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The remake of the hit science fiction film Godzilla is set to hit theaters this May and fans of the franchise couldn’t be more excited. Thankfully for us, one of the film’s stars, the beautiful Elizabeth Olsen, gave GlobalGrind the exclusive 411 on what we can expect from the film.

Elizabeth plays Elle Brody, the wife of Aaron Taylor-Johnson’s character Ford, two young parents who get separated by the Godzilla mayhem. The fashionista and sister to Mary Kate and Ashley spoke about her career choices, working with a fake scary monster and more. Check it out below.

On Her Character’s Emotional Journey:


“I guess where we started was the experience of being a wife and mother with a usually absent father and partner, and what that relationship means when they’re together and whatever their struggle could be. Basically, I think the story we wanted to tell is that Elle is patient with Ford trying to get over his own demons about his own relationship with his father – the role that his father played in his own life and at the same time, she is angry that [Ford] has to go again. She needs him to be a better husband and father by going and being there for his own dad. Then the struggle, and worry and fear that something happens to someone and you can’t reach them. I think everyone’s experienced it at one time or another when their mom calls 12 times and they call back and they’re not answering and you’re like: ‘Why did
 you call me 12 times if nothing was wrong?’ at least that’s how I 
feel.”


On Why She Signed On To Do The Film:

“I’m not from a generation, I
 don’t think, that had a Godzilla experience and certainly I don’t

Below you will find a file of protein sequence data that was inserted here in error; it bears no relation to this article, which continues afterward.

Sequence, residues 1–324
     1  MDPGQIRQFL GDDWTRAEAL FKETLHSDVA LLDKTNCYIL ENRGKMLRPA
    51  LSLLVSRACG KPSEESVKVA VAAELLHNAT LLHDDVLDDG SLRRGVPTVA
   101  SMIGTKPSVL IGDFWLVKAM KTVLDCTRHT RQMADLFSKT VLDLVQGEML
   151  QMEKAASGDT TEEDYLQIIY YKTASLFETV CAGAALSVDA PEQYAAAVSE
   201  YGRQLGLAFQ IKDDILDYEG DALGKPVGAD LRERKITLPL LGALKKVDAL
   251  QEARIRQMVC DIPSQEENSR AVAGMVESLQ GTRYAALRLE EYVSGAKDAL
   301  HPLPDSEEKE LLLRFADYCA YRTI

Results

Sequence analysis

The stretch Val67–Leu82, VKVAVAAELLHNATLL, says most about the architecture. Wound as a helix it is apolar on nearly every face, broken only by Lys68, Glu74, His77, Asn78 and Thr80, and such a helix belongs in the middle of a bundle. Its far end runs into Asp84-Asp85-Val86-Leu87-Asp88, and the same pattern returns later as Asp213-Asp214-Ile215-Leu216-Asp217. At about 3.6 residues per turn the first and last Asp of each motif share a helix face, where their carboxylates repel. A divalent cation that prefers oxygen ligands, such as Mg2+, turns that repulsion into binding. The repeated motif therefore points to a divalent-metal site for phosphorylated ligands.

think there was an American one that was such a classic that your 
parents show you – at least not my parents – and so I didn’t really
 have any history with it. And so what I learned about really from
 (director) Gareth’s interpretation – which is honoring the original story of
 human neglect, or it was really more about Hiroshima – but translating 
that to something modern today, with nature, controlling it and not 
being able to, and almost feeding the monster the way we have been.
 That made the story interesting and then for him to say: ‘It’s not 
really a fledged out story yet, but basically we need this family to
 be the core, we need them to separate and we need them to get back 
together and we need that relationship to be rooted and strong in
 order for anyone to care.’ Because you can always watch a
 story about aliens and monsters and still enjoy it, but you want there 
to be some sort of rooted, grounded connection as well.”

On Director Gareth Edwards’ Strengths:

“He does a lot of things really well, I think his two greatest
 strengths are the fact that he comes from a special effects background, 
so he is confident in that and he doesn’t have to worry about that
 when he’s on set. That’s something he knows that’s already been 
planned out, that he has in the bank, and so all his focus on set is
 the actor, and the story, and helping you out and making sure that 
you’re telling the story. And that’s what you always want to see when
 you’re seeing these films that seem so far away from our own everyday
 reality, you want to be able to have the fun and you want to be able
 to have the rooted story as well.”

On Working With A Fictional Character: 

“[Gareth] showed me previews for any time I was working with special
 effects and so I basically just watched these cartoons that are
 reacting poorly or awkwardly to these monsters. So I would understand 
why the camera movement has to go here and then they would call my
 name for it to go down, and it’s all very technical. And then at first I was thinking: ‘Oh look, there’s a monster,’ and 
it was kind of fascinating, and then I was like: ‘Oh no, it’s scary,’ 
so you’re like: ‘Sniper.’ And basically you’re just having the same 
eye-line as 300 people and I don’t know, you just try and focus 
when you’re being drenched with cold, heavy movie rain.”

On Adjusting Her Acting Process From Film To Film: